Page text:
Recently, certain characteristic novel drug delivery systems had been developed by emulsification and diffusion process in which nanoparticles are loaded with triclosan, which can play a role of game changer in halting the advancement of periodontal diseases. This nanotechnology-based local drug delivery system behaves as a homogeneous polymer matrix-type delivery system, in which drug molecules are encapsulated with biodegradable Nanospheres which can be controlled externally for timely release of drugs by controlled disintegration in a particular location and time. One such good example is arestin which consist of tetracycline incorporated into biodegradable microspheres for local drug delivery targeted to periodontal pockets.[32],[33]

Nanotechnology in treatment of gingival and periodontal diseases

Area-specific configured nanorobots could help in the treatment of dental pathologies by destroying pathogenic disease-specific bacteria harboring the plaque and other specific places while causing no harm to several harmless and beneficial oral microflora to flourish in a healthy ecosystem. This may have a potential benefit against gingival and periodontal related diseases as well as halitosis.[34]

Nanotechnology in dental hypersensitivity

Dentin hypersensitivity results from fluid dynamics-based phenomenon where the pressure is transmitted hydrodynamically to the underlying nerves in pulp resulting in the generation of stimulus. Hypersensitive teeth exhibits eight times increased response of dentinal tubules as compared to nonsensitive teeth. Nano robots can help in overcoming the dentinal hypersensitivity by occluding these dentinal tubules in more target specific and precise approach, thus relieving patients suffering by providing long-lasting cure.[35]

Nanotechnology in orthodontics

Friction is one of the major issues affecting the alignment or retraction of teeth during orthodontic treatment. This issue in the past was overcome by applying higher forces resulting in undesirable anchorage loss. Recent advances in knowledge of orthodontics and nanotechnology had paved an alternate path to counteract these undesirable issues, and one such advancement is Nano-coated arch wires and brackets to reduce undesirable friction. Promising results have been obtained by in-vitro experiments being carried out by coating Nickel-Titanium (NiTi) and stainless steel wires with nanoparticles of tungsten disulfide (WS2) and Nickel-phosphorous Nano particles.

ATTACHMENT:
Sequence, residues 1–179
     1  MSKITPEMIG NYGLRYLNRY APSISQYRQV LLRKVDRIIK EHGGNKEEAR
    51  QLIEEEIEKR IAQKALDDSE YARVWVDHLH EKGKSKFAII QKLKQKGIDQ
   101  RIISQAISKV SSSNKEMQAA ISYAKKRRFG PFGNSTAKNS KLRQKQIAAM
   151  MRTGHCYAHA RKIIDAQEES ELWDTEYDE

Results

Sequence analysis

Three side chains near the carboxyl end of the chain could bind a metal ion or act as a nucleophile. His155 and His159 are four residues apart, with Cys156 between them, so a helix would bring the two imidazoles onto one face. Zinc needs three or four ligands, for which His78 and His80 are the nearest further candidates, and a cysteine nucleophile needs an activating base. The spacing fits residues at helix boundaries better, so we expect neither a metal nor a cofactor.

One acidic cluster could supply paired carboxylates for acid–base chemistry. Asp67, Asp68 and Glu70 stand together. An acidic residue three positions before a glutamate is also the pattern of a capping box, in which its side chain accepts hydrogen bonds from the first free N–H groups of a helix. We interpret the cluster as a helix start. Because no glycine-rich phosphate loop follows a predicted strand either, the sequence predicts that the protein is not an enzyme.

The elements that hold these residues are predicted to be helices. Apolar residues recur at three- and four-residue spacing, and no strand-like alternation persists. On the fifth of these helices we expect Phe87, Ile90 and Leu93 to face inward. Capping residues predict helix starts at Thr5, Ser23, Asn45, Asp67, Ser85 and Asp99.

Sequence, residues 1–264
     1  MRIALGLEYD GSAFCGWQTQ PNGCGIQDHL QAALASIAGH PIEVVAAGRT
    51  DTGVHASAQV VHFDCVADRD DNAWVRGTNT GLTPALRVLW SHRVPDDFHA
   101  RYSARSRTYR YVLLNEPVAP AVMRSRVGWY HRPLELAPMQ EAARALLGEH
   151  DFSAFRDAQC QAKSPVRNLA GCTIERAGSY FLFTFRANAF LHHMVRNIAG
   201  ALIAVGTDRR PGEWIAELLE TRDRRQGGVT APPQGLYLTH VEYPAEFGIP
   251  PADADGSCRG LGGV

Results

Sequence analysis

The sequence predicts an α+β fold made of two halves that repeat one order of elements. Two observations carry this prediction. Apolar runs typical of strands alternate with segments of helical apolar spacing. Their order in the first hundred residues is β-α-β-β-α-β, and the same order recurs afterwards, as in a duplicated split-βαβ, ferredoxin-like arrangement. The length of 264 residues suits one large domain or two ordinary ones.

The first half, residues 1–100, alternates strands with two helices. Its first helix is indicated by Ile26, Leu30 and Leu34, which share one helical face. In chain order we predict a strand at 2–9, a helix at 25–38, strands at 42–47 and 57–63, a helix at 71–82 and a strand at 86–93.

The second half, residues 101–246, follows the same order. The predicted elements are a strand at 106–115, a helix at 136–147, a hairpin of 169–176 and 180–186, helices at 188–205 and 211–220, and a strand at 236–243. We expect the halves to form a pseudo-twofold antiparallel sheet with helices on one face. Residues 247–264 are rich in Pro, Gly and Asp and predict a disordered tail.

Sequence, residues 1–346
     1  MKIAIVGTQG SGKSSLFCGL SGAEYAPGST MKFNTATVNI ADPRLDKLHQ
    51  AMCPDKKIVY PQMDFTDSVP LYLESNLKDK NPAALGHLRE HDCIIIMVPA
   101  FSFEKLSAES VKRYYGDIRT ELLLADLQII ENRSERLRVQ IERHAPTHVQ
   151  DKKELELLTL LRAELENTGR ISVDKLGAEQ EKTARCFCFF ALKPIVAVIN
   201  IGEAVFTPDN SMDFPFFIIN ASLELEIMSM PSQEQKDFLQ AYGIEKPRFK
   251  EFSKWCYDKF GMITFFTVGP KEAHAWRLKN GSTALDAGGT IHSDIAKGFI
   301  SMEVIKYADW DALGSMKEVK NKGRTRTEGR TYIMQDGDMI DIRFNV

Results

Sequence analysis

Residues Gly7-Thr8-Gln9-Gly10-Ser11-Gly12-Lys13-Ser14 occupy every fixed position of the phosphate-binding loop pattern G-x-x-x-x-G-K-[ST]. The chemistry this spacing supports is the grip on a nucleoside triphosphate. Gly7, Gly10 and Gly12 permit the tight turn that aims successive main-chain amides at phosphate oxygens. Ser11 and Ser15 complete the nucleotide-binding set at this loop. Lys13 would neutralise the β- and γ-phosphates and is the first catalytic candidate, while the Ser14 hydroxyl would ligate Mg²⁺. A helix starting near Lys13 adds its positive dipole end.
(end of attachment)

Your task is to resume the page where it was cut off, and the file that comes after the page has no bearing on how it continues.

Hollow wires exhibiting an excellent shape-memory and super elasticity are prepared by ultrasonic spray pyrolysis (USP) technique in which wires are coated with composite nanoparticles e.g. NiTi / Ni-TiO2 via a technique called electrospinning followed by removal of wire in order to produce a hollow wire for orthodontic purposes.

Who knows in future Orthodontic Nano robots can manipulate periodontium resulting in rapid, precise, and painless tooth movements within minutes to hours.[36]

Nano technology in oral hygiene maintenance

Continuous removal supra and subgingival plaque and calculus through targeted nanorobots incorporated in future dentifrices will not only help in proper oral hygiene maintenance and preventing the occurrence of dental and periodontal diseases but will also keep a check on bacteria responsible for the production of volatile compounds causing halitosis.[37]

Nanotechnology coupled laser plasma application in periodontics

Nanoparticles of titanium dioxide (TiO2) when applied on human skin surface by means of gel-like emulsion, exhibits extraordinary properties and effects-like shock wave, microabrasion, and stimulation of collagen production by degradation when irradiated with laser pulse. This remarkable properties of TiO2-based nanoparticles coupled with laser irradiation can be utilized in varieties of procedures such as depigmentation of gingiva, soft-tissue incision without anesthesia and periodontal disease treatment.[30]

Nanotechnology in early detection of oral cancer

One of the latest advancement in Nanotechnology is the invention of “Quantum dot.” These “Quantum dots” are tiny nanoparticles measuring same as that of a size of protein molecule or DNA of short sequence acting as photosensitizers and carriers. These nanoparticles show a very bright luminance when viewed under ultraviolet light. These “Quantum dots” can be coated with a material showing affection to cancerous cells to be tracked and help locating and detecting cancer cells by binding themselves to protein sequence unique to cancer cells, thus aiding in early detection.[38]

   Conclusion Top

The field of nanotechnology has bright prospects as this evolutionary domain of science offers the possibility of great advances and improvement in the field of dentistry with an extrapolation of current resources to a new scale. Further researches pertaining to dental health care should emphasize on methods of drug delivery system, reducing toxicity by emergence of more biocompatible materials. The need of hour is implication of wide scope of research on this technology in various fields including general and dental care, biomedicine, food, and agriculture.

Financial support and sponsorship


Conflicts of interest

There are no conflicts of interest.